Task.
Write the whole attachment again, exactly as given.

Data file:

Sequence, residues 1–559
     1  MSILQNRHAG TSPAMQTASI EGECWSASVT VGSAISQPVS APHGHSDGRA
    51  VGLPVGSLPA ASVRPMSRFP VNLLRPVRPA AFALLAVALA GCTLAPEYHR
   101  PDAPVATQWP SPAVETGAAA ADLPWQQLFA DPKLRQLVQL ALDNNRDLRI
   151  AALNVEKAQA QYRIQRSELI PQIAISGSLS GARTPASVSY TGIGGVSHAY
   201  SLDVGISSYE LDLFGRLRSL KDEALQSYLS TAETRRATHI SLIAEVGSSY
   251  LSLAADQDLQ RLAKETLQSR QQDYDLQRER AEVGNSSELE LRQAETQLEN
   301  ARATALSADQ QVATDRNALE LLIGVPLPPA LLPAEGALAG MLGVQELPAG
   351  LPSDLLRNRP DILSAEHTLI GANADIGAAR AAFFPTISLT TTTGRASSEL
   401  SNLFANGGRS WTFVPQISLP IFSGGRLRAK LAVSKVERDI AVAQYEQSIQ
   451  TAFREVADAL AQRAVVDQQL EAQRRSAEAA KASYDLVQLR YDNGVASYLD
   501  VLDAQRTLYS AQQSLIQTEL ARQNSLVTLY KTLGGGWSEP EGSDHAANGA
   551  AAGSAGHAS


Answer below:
Sequence, residues 1–559
     1  MSILQNRHAG TSPAMQTASI EGECWSASVT VGSAISQPVS APHGHSDGRA
    51  VGLPVGSLPA ASVRPMSRFP VNLLRPVRPA AFALLAVALA GCTLAPEYHR
   101  PDAPVATQWP SPAVETGAAA ADLPWQQLFA DPKLRQLVQL ALDNNRDLRI
   151  AALNVEKAQA QYRIQRSELI PQIAISGSLS GARTPASVSY TGIGGVSHAY
   201  SLDVGISSYE LDLFGRLRSL KDEALQSYLS TAETRRATHI SLIAEVGSSY
   251  LSLAADQDLQ RLAKETLQSR QQDYDLQRER AEVGNSSELE LRQAETQLEN
   301  ARATALSADQ QVATDRNALE LLIGVPLPPA LLPAEGALAG MLGVQELPAG
   351  LPSDLLRNRP DILSAEHTLI GANADIGAAR AAFFPTISLT TTTGRASSEL
   401  SNLFANGGRS WTFVPQISLP IFSGGRLRAK LAVSKVERDI AVAQYEQSIQ
   451  TAFREVADAL AQRAVVDQQL EAQRRSAEAA KASYDLVQLR YDNGVASYLD
   501  VLDAQRTLYS AQQSLIQTEL ARQNSLVTLY KTLGGGWSEP EGSDHAANGA
   551  AAGSAGHAS